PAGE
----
Rent to own unionism?

In "Information and the Market for Union Representation," (94 Va. L. Rev. 1 (2008)) Professor Matthew Bodie provides an instructive framework for addressing information deficiencies in union elections. His consumer or "purchase of services" paradigm is apt and well illustrates the shortcomings of the more dominant approaches to elections. The extent to which this paradigm should drive the National Labor Relations Board's (NLRB) regulation of union elections is less obvious. The best fit with Bodie's consumer paradigm appears to be a system in which employees can easily designate a union as their representative, yet can just as easily get rid of the union. In other words, employees, like many other consumers, could purchase union services with the knowledge that they can easily change their mind later. It is not clear, however, whether the benefits associated with that "Rent To Own" model are worth its costs. Bodie's consumer paradigm provides a valuable insight into the information deficiencies implicated by union elections. At a minimum, this model should inform the NLRB's regulation of union elections. Yet relying on the model too much could lead to more problems than it is worth. Identifying the most effective middle ground between these concerns is difficult; indeed, such ground may not exist. Despite this uncertainty, Bodie's consumer paradigm serves an important role, as it provides further evidence that the NLRB's current governance of elections is in dire need of reform and establishes itself as a essential factor in any future attempts at reform.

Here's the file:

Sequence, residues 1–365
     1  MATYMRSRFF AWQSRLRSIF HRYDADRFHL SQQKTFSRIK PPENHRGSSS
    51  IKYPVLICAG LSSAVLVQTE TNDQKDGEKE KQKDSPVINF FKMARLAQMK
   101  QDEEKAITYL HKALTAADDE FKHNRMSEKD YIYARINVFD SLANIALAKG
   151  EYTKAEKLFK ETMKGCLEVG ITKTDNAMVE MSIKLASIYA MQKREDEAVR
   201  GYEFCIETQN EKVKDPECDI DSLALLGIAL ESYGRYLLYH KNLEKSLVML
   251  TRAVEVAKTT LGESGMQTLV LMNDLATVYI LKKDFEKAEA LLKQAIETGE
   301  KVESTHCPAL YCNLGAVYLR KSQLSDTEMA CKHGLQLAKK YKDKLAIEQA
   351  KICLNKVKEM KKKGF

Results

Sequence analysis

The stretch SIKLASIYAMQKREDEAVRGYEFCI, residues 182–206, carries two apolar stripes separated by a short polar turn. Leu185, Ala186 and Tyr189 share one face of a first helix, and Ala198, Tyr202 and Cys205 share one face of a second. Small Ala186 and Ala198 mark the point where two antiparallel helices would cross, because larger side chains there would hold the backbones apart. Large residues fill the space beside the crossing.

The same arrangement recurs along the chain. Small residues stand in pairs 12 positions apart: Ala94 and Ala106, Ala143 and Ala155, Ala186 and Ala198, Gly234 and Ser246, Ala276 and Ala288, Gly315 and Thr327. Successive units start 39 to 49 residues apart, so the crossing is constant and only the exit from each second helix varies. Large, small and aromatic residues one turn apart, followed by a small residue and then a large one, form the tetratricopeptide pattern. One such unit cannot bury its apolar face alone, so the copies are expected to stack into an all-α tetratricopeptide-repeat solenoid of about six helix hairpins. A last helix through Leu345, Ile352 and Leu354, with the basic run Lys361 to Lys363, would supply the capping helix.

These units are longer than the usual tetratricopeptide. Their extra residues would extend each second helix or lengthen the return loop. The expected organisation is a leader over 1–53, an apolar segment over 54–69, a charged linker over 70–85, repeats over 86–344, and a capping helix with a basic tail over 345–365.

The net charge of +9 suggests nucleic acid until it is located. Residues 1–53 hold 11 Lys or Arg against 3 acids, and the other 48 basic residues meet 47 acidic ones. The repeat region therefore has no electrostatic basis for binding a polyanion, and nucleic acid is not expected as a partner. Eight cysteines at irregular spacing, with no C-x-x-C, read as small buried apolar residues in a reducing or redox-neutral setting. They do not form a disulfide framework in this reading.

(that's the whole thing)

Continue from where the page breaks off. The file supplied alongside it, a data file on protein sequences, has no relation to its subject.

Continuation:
Keywords No keywords specified (fix it)
Categories No categories specified
(categorize this paper)
 Save to my reading list
Follow the author(s)
My bibliography
Export citation
Find it on Scholar
Edit this record
Mark as duplicate
Revision history Request removal from index
Download options
PhilPapers Archive

Upload a copy of this paper     Check publisher's policy on self-archival     Papers currently archived: 24,433
External links
Setup an account with your affiliations in order to access resources via your University's proxy server
Configure custom proxy (use this if your affiliation does not provide a proxy)
Through your library
References found in this work BETA

No references found.

Add more references

Citations of this work BETA

No citations found.

Add more citations

Similar books and articles

Monthly downloads

Sorry, there are not enough data points to plot this chart.

Added to index


Total downloads


Recent downloads (6 months)


How can I increase my downloads?

My notes
Sign in to use this feature

Start a new thread
There  are no threads in this forum
Nothing in this forum yet.